2000 Years of Christ's Power, 4 Volume Pack by Nick Needham and published by Christian Focus Publications.
Volume 1 – The Age of the Early Church Fathers Every generation has an uncanny tendency to view themselves as more enlightened than those that have gone before. The Church certainly has made mistakes all through history – and yet, no insights which we possess would be possible without the efforts, and even some of the mistakes, of our ancestors. The first volume of 2,000 Years of Christ's Power covers the period from the 1st Century AD to the start of the Middle Ages. From the works of Saint Augustine of Hippo to the first apologetic ever penned, this time in history established the foundations of what we take for granted today.
Volume 2 – Middle Ages: The Middle Ages were dubbed the Dark Ages almost before they had begun to draw to a close. Ever since then, they have continued to be seen as a time of hardship and oppression, full of Popes and Crusades. In the second volume of 2,000 Years of Christ's Power, another side of the Middle Ages shines through though: The continual workings of Christ as He built His kingdom through figures such as Thomas a Kempis and John Wycliffe, who lived and struggled during these centuries. This was far from a period of stagnation; rather it was the fire from which the Reformation was kindled.
Volume 3 – Renaissance and Reformation: The Renaissance was a reaction against the attitude of the Middle Ages. And the Reformation was the passionate, divisive argument that grew out of it. Catholics, Calvinists, Lutherans, Anabaptists – our present–day divisions were the front–page headlines of the Reformation. Volume three of 2,000 Years of Christ's Power, in showing the progression of the Reformation era, and the daring bravery of its figures, presents a period of history from which there are many lessons to be learnt – not least of all, the vibrancy of people's lives and the courage with which they faced death.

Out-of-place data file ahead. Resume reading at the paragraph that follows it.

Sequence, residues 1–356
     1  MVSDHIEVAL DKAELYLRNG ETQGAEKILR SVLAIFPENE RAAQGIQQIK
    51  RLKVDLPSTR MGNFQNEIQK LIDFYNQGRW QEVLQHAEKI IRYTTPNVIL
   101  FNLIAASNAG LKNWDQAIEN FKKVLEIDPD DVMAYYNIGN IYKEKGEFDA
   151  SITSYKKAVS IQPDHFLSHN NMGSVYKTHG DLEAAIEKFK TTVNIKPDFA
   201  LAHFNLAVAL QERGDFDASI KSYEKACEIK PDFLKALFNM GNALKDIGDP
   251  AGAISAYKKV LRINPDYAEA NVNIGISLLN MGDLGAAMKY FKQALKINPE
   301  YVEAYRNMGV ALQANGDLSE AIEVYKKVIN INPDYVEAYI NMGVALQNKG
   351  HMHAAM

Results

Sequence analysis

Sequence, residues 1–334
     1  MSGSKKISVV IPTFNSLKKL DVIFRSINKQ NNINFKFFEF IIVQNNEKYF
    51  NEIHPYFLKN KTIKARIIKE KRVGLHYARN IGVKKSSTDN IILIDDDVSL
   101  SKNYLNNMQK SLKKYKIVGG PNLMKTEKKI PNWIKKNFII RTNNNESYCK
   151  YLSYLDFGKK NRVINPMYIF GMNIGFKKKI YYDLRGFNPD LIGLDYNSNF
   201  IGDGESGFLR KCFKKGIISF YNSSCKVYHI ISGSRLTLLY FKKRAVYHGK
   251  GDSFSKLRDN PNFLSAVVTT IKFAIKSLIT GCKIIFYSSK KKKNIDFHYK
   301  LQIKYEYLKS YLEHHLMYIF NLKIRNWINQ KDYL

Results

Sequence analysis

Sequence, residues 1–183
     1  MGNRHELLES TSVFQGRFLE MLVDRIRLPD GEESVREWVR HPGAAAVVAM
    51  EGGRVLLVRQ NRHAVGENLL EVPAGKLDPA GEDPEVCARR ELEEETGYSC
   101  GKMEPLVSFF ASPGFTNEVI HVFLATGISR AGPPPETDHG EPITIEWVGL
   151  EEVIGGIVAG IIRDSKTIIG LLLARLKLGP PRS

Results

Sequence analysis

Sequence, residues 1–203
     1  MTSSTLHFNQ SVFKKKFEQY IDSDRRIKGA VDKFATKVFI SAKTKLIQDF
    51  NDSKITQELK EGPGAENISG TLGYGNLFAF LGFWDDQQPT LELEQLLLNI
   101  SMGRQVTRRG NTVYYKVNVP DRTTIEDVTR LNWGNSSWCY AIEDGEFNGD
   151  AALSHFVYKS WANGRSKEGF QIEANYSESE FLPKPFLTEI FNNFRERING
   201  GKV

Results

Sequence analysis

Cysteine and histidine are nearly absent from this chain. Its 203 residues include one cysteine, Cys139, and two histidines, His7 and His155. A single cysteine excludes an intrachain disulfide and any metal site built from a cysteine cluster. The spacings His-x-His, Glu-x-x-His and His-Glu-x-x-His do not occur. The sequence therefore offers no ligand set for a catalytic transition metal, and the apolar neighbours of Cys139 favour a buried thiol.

Volume 4 – The Age of Religious Conflict: The Renaissance and Reformation were exciting times of learning and discovery – they pushed the boundaries of accepted thought. The repercussions of this, however, were that they left in their wake a period of universal uncertainty. The centuries–old status quo had been turned on its head. Nothing was stable anymore. Conflict ensued. The fourth volume of 2,000 Years of Christ's Power spans from the 16th to the 18th century. It presents a time from which English Protestantism, Scottish Presbyterianism, and French Catholicism, to name only a few, were birthed and refined. Perhaps few eras have had such a direct impact on the characteristics of our own period of history.